The Shoe Queen

Written by Anna Davis
Review by Gwen Sly

In Art Deco 1920s Paris when it was a second home to the Americans, the City of Lights was a cheap place to live and decadently Bohemian.

The ‘Queen’ of the title is Genevieve, the Honourable Genevieve Shelby King of Suffolk, married to a wealthy sewing machine manufacturer who really should return to Boston USA. In her fashionable apartment on the Rue de Lota is a room filled with hundreds of boxes of shoes: worn, new, covered in sequins, ribbons, buttons and diamonds, with glass heels, gold heels, low heels and four-inch heels. She, however, becomes obsessed with having a pair of shoes made by Paolo Zachari, the creator of the world’s most expensive footwear, and her desire for the initially unobtainable shoes becomes a passion for the shoemaker. The vicissitudes of the brief love affair make her face up to the hollowness of the life she leads on the fringes of Montparnasse café society.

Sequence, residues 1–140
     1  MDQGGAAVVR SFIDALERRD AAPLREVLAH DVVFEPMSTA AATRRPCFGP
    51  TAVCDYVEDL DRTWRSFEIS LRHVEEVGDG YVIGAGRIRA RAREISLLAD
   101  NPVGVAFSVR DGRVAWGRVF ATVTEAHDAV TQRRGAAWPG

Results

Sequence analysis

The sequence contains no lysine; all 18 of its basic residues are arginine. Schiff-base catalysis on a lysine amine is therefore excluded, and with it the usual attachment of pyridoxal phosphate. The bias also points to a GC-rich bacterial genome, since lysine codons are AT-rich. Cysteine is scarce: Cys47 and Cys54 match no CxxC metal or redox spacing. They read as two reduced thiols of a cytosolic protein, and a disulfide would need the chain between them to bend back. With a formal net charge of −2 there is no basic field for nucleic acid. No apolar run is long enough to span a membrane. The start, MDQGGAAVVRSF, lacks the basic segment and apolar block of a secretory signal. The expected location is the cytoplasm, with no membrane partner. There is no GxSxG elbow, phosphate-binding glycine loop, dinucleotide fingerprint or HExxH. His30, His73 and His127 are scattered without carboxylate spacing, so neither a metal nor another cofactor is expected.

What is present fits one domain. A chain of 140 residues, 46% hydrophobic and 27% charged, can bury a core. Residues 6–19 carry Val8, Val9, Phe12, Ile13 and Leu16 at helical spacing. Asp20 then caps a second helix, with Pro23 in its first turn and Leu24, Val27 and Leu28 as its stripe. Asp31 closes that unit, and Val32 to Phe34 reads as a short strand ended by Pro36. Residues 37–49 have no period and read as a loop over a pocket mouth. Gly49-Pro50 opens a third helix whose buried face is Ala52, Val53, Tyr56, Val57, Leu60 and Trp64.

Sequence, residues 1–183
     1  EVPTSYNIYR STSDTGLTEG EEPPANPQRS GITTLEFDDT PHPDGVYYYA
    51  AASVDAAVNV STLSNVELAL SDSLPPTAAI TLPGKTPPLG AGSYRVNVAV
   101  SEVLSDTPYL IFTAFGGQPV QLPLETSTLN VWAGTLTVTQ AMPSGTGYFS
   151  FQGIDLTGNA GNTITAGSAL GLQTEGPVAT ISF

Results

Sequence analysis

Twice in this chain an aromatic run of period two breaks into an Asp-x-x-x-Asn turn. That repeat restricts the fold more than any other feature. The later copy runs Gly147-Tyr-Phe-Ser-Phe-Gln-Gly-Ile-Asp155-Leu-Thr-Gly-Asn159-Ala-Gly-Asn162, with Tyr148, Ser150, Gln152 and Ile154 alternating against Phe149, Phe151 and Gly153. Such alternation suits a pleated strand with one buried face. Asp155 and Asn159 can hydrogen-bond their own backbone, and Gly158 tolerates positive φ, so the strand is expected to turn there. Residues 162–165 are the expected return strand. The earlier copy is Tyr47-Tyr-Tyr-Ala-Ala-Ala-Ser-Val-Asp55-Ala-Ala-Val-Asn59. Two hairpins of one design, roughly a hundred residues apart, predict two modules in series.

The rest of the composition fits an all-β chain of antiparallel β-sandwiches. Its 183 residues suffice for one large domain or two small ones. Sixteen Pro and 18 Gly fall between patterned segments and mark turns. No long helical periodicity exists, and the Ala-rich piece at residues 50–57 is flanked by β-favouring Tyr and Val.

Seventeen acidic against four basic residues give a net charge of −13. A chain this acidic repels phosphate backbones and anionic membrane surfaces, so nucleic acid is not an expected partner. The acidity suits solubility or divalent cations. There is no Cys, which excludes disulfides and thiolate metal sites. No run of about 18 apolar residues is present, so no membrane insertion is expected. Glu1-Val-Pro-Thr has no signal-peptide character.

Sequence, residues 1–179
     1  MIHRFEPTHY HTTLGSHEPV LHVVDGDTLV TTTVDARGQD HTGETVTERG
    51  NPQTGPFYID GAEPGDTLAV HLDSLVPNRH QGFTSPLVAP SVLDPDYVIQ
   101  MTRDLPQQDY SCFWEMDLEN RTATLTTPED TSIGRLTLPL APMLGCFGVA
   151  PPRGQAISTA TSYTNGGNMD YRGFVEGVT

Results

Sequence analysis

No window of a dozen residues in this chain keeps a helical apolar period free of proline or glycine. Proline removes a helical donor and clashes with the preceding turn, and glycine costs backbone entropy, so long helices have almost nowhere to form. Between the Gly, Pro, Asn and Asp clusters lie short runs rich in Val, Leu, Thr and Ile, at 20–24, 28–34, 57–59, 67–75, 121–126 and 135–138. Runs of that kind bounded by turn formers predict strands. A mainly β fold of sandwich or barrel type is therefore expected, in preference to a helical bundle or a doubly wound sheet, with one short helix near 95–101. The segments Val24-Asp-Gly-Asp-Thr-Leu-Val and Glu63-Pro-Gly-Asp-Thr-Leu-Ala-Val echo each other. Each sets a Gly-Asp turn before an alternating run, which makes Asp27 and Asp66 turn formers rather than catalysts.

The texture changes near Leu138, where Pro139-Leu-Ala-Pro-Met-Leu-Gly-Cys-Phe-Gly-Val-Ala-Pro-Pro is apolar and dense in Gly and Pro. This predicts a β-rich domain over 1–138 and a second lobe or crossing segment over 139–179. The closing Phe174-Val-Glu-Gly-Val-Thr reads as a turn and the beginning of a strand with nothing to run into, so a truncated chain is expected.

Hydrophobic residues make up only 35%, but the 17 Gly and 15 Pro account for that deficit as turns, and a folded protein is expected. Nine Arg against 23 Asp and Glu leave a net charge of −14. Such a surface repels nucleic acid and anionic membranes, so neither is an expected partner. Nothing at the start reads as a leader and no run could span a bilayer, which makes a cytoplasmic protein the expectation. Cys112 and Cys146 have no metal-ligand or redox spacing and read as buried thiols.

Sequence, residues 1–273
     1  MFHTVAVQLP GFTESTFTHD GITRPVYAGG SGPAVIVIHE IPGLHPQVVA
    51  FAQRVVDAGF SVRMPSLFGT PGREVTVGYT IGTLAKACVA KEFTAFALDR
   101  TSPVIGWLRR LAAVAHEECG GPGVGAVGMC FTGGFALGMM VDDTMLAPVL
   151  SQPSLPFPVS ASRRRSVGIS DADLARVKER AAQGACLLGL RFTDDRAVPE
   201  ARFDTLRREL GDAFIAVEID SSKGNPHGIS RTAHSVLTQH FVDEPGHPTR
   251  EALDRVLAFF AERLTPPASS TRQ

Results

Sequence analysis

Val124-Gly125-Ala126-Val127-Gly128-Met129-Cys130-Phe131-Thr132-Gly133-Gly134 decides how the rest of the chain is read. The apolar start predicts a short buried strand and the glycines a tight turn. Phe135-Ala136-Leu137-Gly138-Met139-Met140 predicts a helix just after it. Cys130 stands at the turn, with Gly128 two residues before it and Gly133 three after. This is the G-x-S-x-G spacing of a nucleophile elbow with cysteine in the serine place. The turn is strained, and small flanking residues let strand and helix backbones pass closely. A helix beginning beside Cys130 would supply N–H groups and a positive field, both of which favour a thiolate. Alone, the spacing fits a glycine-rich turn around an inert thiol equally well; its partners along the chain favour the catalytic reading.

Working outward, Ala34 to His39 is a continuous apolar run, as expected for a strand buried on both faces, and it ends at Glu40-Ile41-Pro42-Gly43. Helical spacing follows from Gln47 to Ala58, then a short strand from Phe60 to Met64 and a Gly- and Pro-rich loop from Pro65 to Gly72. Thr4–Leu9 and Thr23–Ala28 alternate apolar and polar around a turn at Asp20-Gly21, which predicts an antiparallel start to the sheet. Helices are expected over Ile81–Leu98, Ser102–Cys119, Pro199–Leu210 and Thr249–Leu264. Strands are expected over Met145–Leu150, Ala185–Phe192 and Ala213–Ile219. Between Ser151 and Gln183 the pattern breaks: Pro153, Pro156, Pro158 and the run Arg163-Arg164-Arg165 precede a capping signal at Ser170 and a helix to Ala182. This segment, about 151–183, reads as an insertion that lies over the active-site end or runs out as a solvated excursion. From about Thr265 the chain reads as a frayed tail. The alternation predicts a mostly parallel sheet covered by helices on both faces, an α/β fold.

Anna Davis has an excellent knowledge of Paris and does not put a foot wrong on her heroine’s perambulations but, it is a city rooted in the present. There is no real sense of the twenties, those hectic and crazy days of jazz, literature, modern art and drinking. It is a frothy book with no great depth and the characters are stereotyped. Simply dropping famous names from the past into the text does not make an historical novel.